It's often said that online education can be cheaper than a traditional college setting, with many pundits predicting a future where disruptive technology helps make college affordable.
But while Silicon Valley hasn't revolutionized education yet, the number of students taking advantage of online education programs is growing rapidly. The Center for American Progress predicts that 50 percent of students in 2014 will take at least one online course. And while cost is a major factor to keep in mind when evaluating online education programs, the worth of a program is likely a combination of cost and the success of its graduates.
Because online programs can be flexible in terms of location and time frame, many students who find themselves shut out of higher education because they cannot dedicate the time or money for full-time study at a physical campus for four or more years may use this route to access an education that would otherwise be unattainable.
For example, many students may choose an online program because it does not require them to relocate and they will save by not spending as much on room and board. And many choose the online route simply because they are not "traditional" students (according to this estimate, only about 15 to 18 percent of students fit that mold) and online programs allow them to tailor course time to their schedules. For example, you may be able to work full time while earning your degree—which also may mean you won't have to borrow as much to pay for it.
[Find out how much to borrow for college.]
Even if you may save on tangible costs, evaluate other factors carefully as well. For example, research whether a particular program is respected in your chosen field. When you graduate, will you have opened doors to the employment and salary that you'd hoped? If you've earned your master's degree in public affairs through an online program offered by Indiana University, for example, you probably have. But other programs may not yield the same results.
Online programs are administered by both nonprofit and for-profit institutions, and these institutions may be long-standing and reputable or quite the opposite. Make sure you find the right fit for your needs.
Research is crucial—and don't rely only on statistics offered by the programs' recruiting offices. Because whether you're borrowing, paying from your own pocket, or investing only time and effort, you want a return on that investment that leaves you in a better place (and with the ability to pay off any loans you've borrowed).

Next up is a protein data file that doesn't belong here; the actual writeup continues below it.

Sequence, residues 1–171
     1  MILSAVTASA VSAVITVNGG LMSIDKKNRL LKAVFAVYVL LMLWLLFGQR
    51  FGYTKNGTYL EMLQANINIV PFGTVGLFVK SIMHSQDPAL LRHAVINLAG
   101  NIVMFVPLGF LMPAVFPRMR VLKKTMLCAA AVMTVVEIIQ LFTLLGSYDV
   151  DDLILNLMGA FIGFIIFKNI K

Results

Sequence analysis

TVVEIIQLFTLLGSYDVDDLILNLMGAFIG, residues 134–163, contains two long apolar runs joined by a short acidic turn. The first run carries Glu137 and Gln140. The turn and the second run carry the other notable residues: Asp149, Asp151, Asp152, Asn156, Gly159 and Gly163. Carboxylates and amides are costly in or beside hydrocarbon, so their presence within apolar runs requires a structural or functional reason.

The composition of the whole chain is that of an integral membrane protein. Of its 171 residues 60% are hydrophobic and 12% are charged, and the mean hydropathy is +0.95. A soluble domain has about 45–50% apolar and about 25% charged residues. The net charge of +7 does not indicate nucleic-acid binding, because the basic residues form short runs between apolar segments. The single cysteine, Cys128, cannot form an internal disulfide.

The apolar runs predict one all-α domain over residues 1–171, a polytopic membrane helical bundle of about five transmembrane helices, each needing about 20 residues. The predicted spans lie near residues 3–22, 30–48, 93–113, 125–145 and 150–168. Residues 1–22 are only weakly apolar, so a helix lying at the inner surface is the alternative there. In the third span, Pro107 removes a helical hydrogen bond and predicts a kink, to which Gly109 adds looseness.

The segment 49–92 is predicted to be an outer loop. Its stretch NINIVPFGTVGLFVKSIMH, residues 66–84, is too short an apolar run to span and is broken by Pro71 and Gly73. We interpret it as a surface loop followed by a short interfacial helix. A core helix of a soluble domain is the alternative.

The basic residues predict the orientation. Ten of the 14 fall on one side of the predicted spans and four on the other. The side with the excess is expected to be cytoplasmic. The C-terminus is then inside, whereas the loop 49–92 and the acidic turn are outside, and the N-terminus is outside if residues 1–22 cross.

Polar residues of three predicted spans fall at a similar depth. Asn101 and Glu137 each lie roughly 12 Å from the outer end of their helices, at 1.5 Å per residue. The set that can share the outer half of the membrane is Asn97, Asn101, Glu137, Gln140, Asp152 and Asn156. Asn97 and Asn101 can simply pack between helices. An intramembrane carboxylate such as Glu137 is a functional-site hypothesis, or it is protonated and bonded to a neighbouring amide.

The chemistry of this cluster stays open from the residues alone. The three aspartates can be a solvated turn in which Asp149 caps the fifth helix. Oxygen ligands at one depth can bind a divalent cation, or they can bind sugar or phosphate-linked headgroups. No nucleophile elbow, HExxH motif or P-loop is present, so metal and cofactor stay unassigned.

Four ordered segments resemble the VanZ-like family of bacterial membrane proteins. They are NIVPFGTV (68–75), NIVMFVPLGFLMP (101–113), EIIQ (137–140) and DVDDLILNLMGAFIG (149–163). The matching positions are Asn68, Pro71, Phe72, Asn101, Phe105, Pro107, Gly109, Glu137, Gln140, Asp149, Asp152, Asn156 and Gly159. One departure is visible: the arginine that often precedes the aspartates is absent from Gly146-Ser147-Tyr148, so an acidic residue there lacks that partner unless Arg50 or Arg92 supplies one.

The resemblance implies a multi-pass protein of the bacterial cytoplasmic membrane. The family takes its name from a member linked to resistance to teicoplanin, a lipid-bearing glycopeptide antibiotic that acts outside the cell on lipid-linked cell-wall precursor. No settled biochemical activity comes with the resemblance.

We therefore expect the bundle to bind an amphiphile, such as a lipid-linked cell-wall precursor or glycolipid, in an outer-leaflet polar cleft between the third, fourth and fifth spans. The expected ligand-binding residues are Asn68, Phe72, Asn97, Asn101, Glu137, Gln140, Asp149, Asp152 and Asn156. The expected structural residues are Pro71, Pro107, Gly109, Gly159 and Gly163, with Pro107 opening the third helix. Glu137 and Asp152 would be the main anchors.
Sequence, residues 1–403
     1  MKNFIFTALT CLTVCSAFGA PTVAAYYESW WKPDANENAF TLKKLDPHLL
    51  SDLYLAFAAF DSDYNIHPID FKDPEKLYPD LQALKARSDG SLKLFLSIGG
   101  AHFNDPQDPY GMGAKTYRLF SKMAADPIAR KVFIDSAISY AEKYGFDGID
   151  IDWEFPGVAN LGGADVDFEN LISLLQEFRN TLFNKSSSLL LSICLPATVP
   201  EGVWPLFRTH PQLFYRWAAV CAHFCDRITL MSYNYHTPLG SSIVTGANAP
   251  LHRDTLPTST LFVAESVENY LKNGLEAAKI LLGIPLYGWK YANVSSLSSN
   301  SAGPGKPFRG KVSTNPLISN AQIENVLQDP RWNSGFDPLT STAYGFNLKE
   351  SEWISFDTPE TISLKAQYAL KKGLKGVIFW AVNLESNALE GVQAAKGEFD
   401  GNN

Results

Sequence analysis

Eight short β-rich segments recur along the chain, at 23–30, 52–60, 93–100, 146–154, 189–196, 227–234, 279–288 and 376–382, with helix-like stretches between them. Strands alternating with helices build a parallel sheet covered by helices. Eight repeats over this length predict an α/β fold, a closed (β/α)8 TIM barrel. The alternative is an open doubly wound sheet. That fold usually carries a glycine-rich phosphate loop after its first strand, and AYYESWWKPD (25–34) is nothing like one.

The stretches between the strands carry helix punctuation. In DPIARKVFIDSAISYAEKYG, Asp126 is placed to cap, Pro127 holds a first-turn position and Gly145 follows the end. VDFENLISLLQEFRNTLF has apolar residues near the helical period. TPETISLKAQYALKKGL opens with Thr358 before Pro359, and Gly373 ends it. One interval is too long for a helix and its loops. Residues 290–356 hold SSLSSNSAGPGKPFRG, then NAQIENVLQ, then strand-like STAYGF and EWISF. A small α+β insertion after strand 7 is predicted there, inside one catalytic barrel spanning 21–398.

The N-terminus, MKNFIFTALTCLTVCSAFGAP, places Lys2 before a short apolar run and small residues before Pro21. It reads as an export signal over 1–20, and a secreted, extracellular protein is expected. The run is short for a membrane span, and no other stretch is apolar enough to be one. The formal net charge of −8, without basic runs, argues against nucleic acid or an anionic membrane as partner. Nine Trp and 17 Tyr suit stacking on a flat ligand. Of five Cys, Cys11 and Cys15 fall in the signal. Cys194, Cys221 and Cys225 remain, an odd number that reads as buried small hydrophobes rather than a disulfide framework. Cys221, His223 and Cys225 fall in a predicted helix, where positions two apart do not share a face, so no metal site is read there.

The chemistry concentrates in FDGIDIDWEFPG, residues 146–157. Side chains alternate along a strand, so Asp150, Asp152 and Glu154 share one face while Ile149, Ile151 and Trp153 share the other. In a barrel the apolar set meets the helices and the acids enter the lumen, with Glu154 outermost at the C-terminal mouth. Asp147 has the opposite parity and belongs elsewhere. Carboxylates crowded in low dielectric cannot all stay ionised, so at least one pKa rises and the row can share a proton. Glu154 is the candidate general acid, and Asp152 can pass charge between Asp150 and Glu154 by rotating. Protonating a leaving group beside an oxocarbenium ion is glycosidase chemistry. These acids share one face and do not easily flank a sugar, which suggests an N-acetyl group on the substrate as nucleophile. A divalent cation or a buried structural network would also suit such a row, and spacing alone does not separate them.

With regard to loans, the same general rules apply when borrowing to pay for an online program. Federal student loans come with many borrower protections, including fixed interest rates, default-aversion measures like deferments, forbearances, and income-driven repayment plans, as well as different forgiveness programs like Public Service Loan Forgiveness. Private loans do not.
If your program is eligible for federal student aid, consider those options first before turning to private loans. If your program is not eligible for federal student aid, this may be a red flag indicating high cohort default rates, and may be reason to choose a different program.
Regardless of what type of education program you are evaluating, remember that you have your own unique set of circumstances and need to figure out what works best for you. Online programs may be more flexible and allow you to tailor your education to those personal circumstances. But always consider whether you will earn what you are working for and the worth of your education, and always consider the safest way to pay for that education.
To learn more about federal options that can help you manage your student loans, register to attend a free webinar and read our new E-book, "Take Control of Your Future." And to stay up to date with student debt news and tips, follow us on Twitter (use #studentdebthelp).
Radhika Singh Miller is a program manager for Educational Debt Relief and Outreach at Equal Justice Works. She has served on student loan committees in the Department of Education's negotiated rulemaking focusing on the College Cost Reduction and Access Act (CCRAA) and other debt relief initiatives. Radhika graduated from Loyola Law School Los Angeles. Prior to joining Equal Justice Works, she was a staff attorney at the Partnership for Civil Justice, focusing on constitutional and civil rights litigation and advocacy.